Man held in threats on Pitt professors

University of Pittsburgh police Wednesday arrested a man at Pittsburgh International Airport and charged him in connection with alleged email threats involving several current and retired university professors.

Campus police officers assisted by Allegheny County police executed an arrest warrant on Mark Lee Krangle, 65, of Croton-on-Hudson, N.Y., Pitt spokesman John Fedele confirmed Wednesday night. Mr. Krangle is charged with one count each of making terroristic threats and harassment by communication.

A two-sentence statement released by the university made no connection between the 1:30 p.m. arrest and the string of more than two dozen bomb threats at Pitt targeting upward of 50 buildings. The threats have left the campus of nearly 29,000 students on edge weeks before final exams.

However, a criminal complaint filed by police says Mr. Krangle in his email to the professors referenced both the bomb threats and last month's shooting at Western Psychiatric Institute and Clinic. According to the complaint, Mr. Krangle said he believes he has met the individual behind the threats and believes they are being orchestrated to further Mr. Krangle's attempt to draw attention to his "story."

The complaint did not elaborate on what that story involves.

And the arrest itself did not end the string of bomb threats, with at least one new threat reported against two campus buildings late Wednesday night.

The criminal complaint says Mr. Krangle sent three emails between April 3 and Monday to several current and former Pitt professors. The first two emails were received by Thomas Kane, Donald Egolf, Jack Daniel and Attilio Favorini.

Mr. Krangle, in one email, provided a PDF copy of his 152-page, self-written book "Revolution or Extinction," which Mr. Krangle said references a cover-up in the Carter presidency, according to the complaint.

In the first email, Mr. Krangle said he planned to come to Pittsburgh "for as long as it takes to get his story covered by the local and national press," according to the criminal complaint.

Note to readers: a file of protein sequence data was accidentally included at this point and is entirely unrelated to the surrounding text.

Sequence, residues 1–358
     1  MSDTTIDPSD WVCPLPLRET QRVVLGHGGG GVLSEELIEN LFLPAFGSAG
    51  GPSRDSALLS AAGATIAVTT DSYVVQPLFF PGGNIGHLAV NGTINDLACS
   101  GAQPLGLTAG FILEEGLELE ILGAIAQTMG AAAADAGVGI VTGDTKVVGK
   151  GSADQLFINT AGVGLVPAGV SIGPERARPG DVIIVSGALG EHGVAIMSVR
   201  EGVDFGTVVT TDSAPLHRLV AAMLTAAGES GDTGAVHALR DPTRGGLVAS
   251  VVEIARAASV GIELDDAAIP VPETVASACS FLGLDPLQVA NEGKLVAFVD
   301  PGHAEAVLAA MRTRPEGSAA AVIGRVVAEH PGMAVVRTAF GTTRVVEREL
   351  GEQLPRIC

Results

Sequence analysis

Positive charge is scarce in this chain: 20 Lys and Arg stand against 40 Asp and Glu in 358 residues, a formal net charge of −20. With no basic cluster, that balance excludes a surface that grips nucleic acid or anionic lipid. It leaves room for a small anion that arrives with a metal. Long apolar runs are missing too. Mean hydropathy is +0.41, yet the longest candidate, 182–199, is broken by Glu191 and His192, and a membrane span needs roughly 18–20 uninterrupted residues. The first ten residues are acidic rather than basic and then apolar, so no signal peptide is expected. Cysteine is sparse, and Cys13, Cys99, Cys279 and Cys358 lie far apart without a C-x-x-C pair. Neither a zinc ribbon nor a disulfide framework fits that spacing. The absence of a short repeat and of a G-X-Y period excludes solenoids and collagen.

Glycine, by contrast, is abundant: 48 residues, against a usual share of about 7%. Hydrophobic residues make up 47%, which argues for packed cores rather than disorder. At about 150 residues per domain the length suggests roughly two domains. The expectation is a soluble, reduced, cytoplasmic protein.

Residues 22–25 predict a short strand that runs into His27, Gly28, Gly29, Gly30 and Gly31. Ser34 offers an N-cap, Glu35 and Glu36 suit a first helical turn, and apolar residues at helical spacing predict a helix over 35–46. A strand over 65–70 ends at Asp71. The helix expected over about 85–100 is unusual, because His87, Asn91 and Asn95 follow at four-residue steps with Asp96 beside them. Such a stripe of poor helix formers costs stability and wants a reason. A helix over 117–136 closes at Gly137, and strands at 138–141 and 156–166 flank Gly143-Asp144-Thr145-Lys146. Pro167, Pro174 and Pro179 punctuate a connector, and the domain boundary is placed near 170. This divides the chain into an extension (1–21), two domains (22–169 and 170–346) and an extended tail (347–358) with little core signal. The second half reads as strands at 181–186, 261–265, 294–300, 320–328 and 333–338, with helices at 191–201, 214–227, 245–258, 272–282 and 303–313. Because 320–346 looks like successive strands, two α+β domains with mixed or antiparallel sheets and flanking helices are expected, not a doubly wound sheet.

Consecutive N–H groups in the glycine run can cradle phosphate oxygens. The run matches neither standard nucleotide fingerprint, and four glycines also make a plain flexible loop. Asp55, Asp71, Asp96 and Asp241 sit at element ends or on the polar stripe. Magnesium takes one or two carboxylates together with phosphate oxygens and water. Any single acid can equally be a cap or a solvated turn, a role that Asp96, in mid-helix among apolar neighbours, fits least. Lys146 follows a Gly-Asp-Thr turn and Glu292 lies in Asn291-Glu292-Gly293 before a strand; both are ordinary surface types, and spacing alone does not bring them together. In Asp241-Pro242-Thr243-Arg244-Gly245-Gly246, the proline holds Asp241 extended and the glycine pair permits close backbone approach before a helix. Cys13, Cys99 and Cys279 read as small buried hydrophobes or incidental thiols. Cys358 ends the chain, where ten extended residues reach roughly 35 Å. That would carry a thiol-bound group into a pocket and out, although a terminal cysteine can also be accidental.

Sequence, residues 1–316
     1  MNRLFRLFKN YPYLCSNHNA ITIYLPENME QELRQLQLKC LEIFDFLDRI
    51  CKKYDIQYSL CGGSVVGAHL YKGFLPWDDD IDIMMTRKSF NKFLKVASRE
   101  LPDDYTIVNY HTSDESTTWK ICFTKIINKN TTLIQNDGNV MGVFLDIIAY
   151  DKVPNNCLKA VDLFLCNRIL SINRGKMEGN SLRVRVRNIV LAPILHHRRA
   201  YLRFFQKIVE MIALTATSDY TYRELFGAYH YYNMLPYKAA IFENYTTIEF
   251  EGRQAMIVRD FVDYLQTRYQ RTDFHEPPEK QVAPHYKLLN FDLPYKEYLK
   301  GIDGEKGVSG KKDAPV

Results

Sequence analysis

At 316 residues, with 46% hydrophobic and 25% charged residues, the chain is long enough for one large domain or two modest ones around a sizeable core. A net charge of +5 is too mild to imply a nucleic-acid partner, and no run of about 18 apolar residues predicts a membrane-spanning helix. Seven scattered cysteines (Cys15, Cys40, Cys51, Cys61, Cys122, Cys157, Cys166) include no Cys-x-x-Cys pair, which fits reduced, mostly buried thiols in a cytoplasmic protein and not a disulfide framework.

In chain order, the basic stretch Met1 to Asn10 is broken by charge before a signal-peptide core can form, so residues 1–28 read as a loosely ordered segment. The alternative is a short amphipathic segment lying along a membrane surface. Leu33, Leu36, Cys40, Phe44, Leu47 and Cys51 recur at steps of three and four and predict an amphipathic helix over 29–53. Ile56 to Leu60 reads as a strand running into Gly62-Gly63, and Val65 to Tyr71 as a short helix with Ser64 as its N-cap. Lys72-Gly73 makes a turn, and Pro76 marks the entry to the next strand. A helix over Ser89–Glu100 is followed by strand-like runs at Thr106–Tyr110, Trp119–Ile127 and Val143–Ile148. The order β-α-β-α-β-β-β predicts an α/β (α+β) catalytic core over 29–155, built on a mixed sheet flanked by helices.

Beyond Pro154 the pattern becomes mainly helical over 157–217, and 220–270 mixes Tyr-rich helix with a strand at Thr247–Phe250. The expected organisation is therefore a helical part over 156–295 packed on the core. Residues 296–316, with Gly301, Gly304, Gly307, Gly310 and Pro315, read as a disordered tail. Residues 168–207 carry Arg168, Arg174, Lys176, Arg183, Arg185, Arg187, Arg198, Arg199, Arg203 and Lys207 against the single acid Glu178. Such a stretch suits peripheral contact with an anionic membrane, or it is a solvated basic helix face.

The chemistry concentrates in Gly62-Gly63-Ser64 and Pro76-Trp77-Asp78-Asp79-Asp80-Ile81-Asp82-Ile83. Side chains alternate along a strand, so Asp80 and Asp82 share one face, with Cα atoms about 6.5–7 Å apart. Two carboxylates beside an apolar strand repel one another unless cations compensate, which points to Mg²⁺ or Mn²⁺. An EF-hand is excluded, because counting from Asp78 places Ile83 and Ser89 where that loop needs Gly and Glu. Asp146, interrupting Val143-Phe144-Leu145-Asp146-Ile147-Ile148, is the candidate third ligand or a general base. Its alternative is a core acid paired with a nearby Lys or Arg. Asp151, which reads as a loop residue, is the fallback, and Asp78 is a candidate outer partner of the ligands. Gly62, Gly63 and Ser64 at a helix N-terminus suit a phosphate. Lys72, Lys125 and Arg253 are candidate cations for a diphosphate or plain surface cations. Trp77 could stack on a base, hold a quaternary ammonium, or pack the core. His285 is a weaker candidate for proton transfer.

In the second email, he told the recipients, "If you guys do not show me supportiveness in every possible way that your meager little academic fantasy world lives can muster, your graves will be defiled by enraged citizens in the future after your die (I hope natural deaths)," according to the complaint.

Mr. Krangle also told the recipients, "You are involved," without elaborating, and "Don't try to do anything that may involve Western Psych when I get to town. I am not violent or crazy and that's why Shick was put into play. Things would get much worse if you try to derail me. Support me or perish."

The criminal complaint did not identify the date or specifics about the third email or who the recipients were.

The email address referenced in the criminal complaint as the one used by Mr. Krangle is the same one from which a correspondence was sent Saturday to individuals connected to Pitt and to a Post-Gazette reporter.

In it, Mr. Krangle claimed to be a former Pitt graduate student and teaching fellow in arts and sciences and requested a meeting with Pitt Chancellor Mark Nordenberg. In that email, Mr. Krangle said he planned to come to Pittsburgh to "try and help explain and stop the threats against Pitt and the City of Pittsburgh." Pitt has declined to comment on that email or its claims.

Authorities said Mr. Krangle was taken off a plane when he was arrested. They would not say whether it was arriving or departing.


Molly Born contributed. Bill Schackner: or 412-263-1977. First Published April 12, 2012 7:15 PM


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